Starting Small to Make it Big in the Delivery Industry

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So, you want to start a delivery service? But you have to find out what you need to do to succeed in this kind of business. There are some things that you need that you might not consider before entering this new field.

First off, let’s define what delivery service is. This is just another term for any small business of whatever name that specializes in delivering something of value. So naturally, this would include companies like FedEx, UPS, DHL, and other shipping services.

However, we’re not going to talk about those. We’re going to focus more on the smaller companies:

  • Food delivery services like DoorDash or Postmates.
  • Courier services like TaskRabbit.
  • Other companies that fall under the same industry: delivery services.

Find Your Niche

The hardest part of starting any delivery service is finding your niche. That’s what will make your business unique, and that’s what people will want to use over all the others (if they’re better, that is). It would be best if you found out:

  • What you’re delivering.
  • How you’re going to deliver it.
  • What makes you better than all the other delivery services.

If you can find all three of these things, you should be well on your way to creating a successful company.

  • What you’re delivering: This will be the basis of your business and, in most cases, what people will look for when using your delivery service. It needs to be something that is in high demand and can change with current trends/popularity.

Options: food (pizza, Chinese), alcohol (beer, wine), general merchandise (clothes, books), office supplies (staplers, paper).

  • How you’re going to deliver it: This is where you make your business unique. You can stick with the tried-and-true delivery methods of automobiles and vans or expand into other more personalized types of transportation.

Options: car(s), scooters, bicycles, on foot.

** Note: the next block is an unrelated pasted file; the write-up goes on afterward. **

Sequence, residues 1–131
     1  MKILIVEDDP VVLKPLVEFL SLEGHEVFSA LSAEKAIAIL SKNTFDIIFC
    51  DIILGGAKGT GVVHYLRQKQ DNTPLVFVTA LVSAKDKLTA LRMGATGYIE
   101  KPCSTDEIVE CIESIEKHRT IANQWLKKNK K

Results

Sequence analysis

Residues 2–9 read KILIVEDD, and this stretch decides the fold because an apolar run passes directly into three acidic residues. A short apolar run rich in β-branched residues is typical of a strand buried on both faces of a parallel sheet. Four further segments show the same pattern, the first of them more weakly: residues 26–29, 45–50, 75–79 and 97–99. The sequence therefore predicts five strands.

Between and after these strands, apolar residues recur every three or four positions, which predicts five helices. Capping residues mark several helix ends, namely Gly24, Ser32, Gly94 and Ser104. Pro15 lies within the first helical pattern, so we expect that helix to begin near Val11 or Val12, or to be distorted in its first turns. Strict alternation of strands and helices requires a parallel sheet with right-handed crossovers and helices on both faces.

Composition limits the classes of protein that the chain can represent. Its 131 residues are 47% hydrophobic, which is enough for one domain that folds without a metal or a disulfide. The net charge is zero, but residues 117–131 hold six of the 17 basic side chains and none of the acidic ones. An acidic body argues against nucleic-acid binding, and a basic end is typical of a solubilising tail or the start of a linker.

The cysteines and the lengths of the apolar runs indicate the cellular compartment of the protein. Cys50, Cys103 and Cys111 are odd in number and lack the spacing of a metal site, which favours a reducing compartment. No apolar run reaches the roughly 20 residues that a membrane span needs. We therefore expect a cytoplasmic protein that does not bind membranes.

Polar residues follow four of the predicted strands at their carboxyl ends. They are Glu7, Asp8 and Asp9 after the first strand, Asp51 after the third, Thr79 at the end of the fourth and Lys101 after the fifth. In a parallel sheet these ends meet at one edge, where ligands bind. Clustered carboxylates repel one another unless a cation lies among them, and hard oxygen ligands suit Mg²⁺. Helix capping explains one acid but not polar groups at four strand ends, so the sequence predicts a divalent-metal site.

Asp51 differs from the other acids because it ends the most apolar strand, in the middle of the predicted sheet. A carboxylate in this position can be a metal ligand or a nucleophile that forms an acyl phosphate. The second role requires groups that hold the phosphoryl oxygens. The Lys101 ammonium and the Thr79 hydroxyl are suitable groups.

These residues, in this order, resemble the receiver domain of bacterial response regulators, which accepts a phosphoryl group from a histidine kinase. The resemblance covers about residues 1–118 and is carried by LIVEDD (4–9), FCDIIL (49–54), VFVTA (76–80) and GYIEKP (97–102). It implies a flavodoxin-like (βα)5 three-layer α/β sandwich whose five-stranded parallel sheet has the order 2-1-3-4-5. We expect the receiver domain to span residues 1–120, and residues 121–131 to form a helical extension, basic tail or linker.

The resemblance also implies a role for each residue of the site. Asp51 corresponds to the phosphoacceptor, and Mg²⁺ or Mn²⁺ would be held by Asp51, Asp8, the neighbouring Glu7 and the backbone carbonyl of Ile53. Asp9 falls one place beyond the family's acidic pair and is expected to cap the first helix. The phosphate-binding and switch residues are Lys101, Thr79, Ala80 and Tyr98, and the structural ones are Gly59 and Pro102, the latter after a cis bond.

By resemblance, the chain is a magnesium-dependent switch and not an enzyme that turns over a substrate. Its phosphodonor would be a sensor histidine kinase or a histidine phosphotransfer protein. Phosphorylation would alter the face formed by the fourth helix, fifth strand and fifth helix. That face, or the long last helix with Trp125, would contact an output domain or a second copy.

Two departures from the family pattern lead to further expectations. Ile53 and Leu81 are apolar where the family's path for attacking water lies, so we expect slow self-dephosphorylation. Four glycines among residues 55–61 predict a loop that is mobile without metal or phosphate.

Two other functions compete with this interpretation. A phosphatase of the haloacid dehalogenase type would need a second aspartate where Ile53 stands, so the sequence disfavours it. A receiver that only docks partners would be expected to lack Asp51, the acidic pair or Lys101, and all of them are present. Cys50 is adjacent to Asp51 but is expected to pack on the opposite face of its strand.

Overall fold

• What makes you better than all the other delivery services will make you stand out from the competition and why people will want to use your company over others. If they can’t find an answer to this question for themselves, then there’s little reason for them to pick you over everyone else.

Options: delivery costs, quality of the product/service delivered, convenience.

Things to know for starting delivery service

Now that you know why people want to use you over all the other companies, it’s time to decide how much to charge for your services.

Price Of Service

There are two ways you can go about this: First, charge a flat rate per item you deliver. Second, charge an hourly rate for deliveries.

In most cases, it’s best to go with the hourly rate simply because you don’t know how long it will take or what you’ll have to do to make a delivery. The customers won’t care if they only pay $5 for a two-hour delivery or $25 for the same delivery. They’ll be more likely to want you over a competitor that will charge them a flat rate while they wait rather than have the product ready when you show up.

Of course, this won’t work with every customer, and your service may not even reach customers who would agree to pay hourly. But it’s certainly worth a shot.

Business Permit

signing an approved business permit

When you finally reach an agreement with the customer on how much they’ll be paying and what they’ll be getting, it’s time to make sure your business is legal (in the case of most delivery services).

To do this, you’ll need to register your business with the state to get a tax ID number. You’ll also have to make sure that it’s legal for you to operate in your area under local laws. Most cities will let just about anyone deliver things by bicycle or on foot, but vehicles are usually limited to companies with the proper licenses and insurance.

Other than the legal requirements, make sure you have a plan for emergencies and that your employees know what to do if something does happen.

Mileage Tracker

Once you’ve established what people will be paying and what they’ll get, how much money it will cost to set up and run the business, and that you (and anyone using your company) is following the laws in your area, it’s time to provide a mileage GPS tracker for your employees to allow your business for a tax-free reimbursement for your vehicle’s expenses.

The IRS allows reimbursement payments to employees for business-related auto use. However, you must prove that these reimbursements are not more than the business expenses needed for operating the vehicle. Automatic mileage tracking means employees don’t have to worry about keeping track. The text stays consistent with the company-provided plan with no room for deviation.

Terms of Service

Finally, be sure to include a TOS or Terms of Service in your permit. It’s not required, but it will cover some major points of your business. It should cover things like not using the service if it’s illegal in that area, what to do with valuables being delivered and how you plan on dealing with any problems during delivery.

In most cases, all you need to start a successful business is a product or service to deliver and a way to get it there. There may be many other things you’ll need, such as food permits or special licenses, depending on the type of business you have, but having these two at least is a requirement in most cases.

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